Abstract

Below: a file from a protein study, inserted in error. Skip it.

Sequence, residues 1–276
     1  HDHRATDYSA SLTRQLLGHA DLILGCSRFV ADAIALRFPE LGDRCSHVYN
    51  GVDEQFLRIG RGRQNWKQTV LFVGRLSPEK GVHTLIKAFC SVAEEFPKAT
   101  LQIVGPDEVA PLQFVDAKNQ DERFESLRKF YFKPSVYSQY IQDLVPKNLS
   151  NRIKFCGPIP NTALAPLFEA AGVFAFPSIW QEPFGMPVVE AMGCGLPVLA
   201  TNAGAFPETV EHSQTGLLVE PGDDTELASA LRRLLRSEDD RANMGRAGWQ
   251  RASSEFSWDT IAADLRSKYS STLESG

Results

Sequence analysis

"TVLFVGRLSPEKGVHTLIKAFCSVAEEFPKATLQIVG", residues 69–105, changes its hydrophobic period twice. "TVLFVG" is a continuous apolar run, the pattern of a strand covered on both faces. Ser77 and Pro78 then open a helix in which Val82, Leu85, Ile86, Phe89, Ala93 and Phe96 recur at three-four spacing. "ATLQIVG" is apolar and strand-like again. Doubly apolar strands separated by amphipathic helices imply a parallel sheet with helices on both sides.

Detailed studies of scattered outcrops and small quarries in the interior of northern New Brunswick have revealed the presence of small stromatoporoidal–stromatolitic reefs in a unit informally named the Laplante unit, of Pridolian age. The reefs consist mainly of laminar stromatoporoids and stromatolitic algae in a boundstone framework, but these are associated with tabulate coral bafflestones and also with stromatolitic algae, mudstones, and extensive biogenic and polymict breccias. The characteristics of the faunas and sediments suggest deposition as small reef mounds in relatively low-energy environments, and the associated internal breccias and mass flows suggest that these reef mounds were deposited on the upper slope at the margin of a narrow shelf, probably in a compressional tectonic regime with associated uplift. Several facies in the Laplante unit are similar to the Colline Daniel Facies of the West Point reef complex in southern Gaspé and suggest the possibility of a reef belt with sporadically developed reef mounds extending beneath Chaleur Bay. The reefal sediments are presently located in the basin between the Elmtree Inlier to the north and the Mirimichi Massif to the south, but there is some evidence that they are allochthonous. If so, they have not been transported very far. Evidence also suggests that emergence occurred and caused the development of solution features not long after deposition. This emergence was probably related to the phase of Pridolian tectonic compression and uplift.

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